## Experiments with denoising/shrinkage of a covariance matrix

I run some experiments on the impact of covariance matrix construction on portfolio stability. In particular, the following ways to generate a covariance matrix will be attempted:

• Sample covariance — the most basic approach to construct a simple covariance matrix based on historical return data
• Shrinkage of covariance matrix — additional shrinkage applied to all off-diagonal elements of the sample covariance matrix
• Ledoit-Wolf shrinkage — additional tuning of shrinkage coefficient to achieve optimal mean square error between estimated and the real covariance matrix

Details of the implementation of the covariance matrix estimation methods can be found in .

We further assess the implication of shrinkage on portfolio optimization through the simulation of efficient frontiers with noisy asset returns.

## Getting raw assets’ return data

Using historical returns from the Quantiacs Q18 NASDAQ-100 Stock Long-Short contest. Refer to https://quantiacs.com/documentation/en/user_guide/local_development.html

## Function to construct efficient frontier

For further experiments, we will need a function constructing an efficient frontier based on a classical minimum variance optimization process. I could not find a suitable package for this task, so the section presents the implementation of efficient frontier construnction functions.

## Min variance portfolio

(Yes, I’ve run it through ChatGPT to generate docstrings.)

## Experimenting with the stability of portfolio construction

To visualize the impact of the noise in the covariance matrix, we take the approach suggested in one of the exercises in :

Compute one hundred efficient frontiers by drawing one hundred alternative vectors of expected returns with a Normal-distributed noise with zero mean and 1% standard deviation.

Let’s begin with constructing the three versions of covariance matrices.

The level of noise in the covariance matrix is defined by its condition number, calculated as a ratio between the maximum and minimum eigenvalue of the matrix. We estimate this for the three covariance matrices constructed.

With a relatively aggressive shrinkage, the shrunk version of the covariance matrix achieved the largest reduction in the condition number, with Ledoit-Wolf implying more gentle shrinkage and hence moderate reduction in the condition number.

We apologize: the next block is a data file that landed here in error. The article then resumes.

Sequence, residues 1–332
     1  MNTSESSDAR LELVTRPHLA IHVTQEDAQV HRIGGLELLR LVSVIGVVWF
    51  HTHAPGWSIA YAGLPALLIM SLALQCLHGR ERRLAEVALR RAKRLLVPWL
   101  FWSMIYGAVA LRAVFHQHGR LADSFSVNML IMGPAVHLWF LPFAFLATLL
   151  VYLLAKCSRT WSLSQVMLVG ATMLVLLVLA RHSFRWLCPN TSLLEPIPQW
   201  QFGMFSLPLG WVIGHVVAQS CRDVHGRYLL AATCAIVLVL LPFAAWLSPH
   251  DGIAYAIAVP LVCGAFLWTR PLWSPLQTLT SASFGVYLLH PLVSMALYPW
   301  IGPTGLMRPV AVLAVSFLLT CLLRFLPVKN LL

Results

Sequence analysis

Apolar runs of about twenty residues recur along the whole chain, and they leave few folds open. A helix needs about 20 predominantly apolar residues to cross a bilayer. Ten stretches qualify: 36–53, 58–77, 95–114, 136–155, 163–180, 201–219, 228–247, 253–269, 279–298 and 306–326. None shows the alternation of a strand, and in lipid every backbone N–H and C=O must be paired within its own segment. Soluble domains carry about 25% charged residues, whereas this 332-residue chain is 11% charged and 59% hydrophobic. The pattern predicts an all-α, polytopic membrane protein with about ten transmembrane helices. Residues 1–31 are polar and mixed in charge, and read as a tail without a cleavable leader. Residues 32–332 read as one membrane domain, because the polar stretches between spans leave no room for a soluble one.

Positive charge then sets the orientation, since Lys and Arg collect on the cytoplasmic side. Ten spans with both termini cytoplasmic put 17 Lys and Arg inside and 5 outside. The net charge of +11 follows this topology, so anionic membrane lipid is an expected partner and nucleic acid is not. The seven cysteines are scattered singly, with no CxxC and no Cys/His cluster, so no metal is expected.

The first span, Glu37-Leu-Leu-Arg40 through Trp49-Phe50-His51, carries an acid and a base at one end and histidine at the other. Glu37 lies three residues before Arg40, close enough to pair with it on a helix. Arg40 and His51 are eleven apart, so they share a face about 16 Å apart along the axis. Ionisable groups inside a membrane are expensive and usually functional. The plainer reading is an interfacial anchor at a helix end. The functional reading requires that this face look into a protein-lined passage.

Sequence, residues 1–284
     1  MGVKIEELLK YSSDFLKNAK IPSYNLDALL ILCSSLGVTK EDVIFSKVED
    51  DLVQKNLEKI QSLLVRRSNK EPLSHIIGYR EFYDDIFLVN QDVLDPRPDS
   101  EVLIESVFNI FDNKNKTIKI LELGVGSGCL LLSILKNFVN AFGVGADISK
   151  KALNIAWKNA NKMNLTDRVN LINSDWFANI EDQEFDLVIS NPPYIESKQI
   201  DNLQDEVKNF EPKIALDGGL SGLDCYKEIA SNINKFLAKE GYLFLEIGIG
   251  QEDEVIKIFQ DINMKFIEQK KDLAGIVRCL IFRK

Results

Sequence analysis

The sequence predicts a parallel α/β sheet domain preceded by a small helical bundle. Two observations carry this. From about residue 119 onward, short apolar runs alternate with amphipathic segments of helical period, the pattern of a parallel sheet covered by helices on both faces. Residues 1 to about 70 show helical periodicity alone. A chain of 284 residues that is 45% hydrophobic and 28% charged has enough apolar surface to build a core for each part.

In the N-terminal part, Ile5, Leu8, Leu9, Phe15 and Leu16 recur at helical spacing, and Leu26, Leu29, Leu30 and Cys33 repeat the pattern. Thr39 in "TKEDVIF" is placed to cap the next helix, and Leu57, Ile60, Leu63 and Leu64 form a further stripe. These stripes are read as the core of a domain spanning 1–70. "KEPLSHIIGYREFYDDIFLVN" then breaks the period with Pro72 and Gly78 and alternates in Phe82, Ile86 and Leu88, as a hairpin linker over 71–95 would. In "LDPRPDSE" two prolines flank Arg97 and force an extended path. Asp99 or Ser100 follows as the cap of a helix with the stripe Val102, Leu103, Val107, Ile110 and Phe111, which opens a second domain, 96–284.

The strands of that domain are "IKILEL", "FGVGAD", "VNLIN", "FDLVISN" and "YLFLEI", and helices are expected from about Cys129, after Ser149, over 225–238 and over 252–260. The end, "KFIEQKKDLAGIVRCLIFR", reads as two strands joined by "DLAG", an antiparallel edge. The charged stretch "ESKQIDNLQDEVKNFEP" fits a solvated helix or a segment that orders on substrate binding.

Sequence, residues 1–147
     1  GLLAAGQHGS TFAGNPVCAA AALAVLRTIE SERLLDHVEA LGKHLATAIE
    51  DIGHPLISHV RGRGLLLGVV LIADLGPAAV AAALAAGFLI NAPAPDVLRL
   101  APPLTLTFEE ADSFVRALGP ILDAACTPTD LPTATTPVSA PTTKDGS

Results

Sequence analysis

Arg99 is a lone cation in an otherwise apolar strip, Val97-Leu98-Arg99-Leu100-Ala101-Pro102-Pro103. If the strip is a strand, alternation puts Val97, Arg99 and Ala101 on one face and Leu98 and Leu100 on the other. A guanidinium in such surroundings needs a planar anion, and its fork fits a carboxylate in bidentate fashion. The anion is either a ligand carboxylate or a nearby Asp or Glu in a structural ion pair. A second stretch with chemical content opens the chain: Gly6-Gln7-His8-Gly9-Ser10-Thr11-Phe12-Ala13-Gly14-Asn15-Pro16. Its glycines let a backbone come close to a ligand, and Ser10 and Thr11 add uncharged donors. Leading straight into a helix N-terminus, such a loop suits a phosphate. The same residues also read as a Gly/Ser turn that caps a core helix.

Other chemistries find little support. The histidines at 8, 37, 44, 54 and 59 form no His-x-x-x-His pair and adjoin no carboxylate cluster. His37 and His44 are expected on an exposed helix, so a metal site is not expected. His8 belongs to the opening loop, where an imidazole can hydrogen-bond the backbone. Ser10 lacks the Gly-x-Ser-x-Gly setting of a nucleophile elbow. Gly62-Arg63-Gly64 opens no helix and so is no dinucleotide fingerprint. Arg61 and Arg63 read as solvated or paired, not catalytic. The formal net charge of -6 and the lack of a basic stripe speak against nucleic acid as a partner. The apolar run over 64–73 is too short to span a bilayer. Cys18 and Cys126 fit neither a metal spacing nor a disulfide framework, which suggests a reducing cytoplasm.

## Compare reference efficient frontiers

Continuing to the main part of the experiment, we sample one hundred efficient frontiers based in all three versions of the covariance matrices, with the results presented below.

My take on the resulting graphs is as follows:

• “Raw” sample covariance implies the best returns of the portfolio driven by higher diversification opportunities, however, the variance of the outcome can be extreme even for a relatively moderate noise in the assets returns;
• Shrinkage is a powerful technique in tackling noise, but it is difficult to define the right level of shrinkage coefficient to balance the bias in the outcomes. In our results the deviation of the efficient frontiers from the source is quite significant for the shrinkage coefficient selected;
• Ledoit-Wolf suggests the optimal out-of-the-box shrinkage, with significant improvement in the level of noise and moderate deviation from the source efficient frontier.

## References

 https://scikit-learn.org/stable/modules/covariance.html#shrunk-covariance
 Marcos M. López de Prado “Machine Learning for Assets Managers”

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## More from Alex Botsula

Hi there, I am going to demonstrate some use cases of ML algorithms in market analysis and trading strategies. https://www.linkedin.com/in/alex-botsula-0421232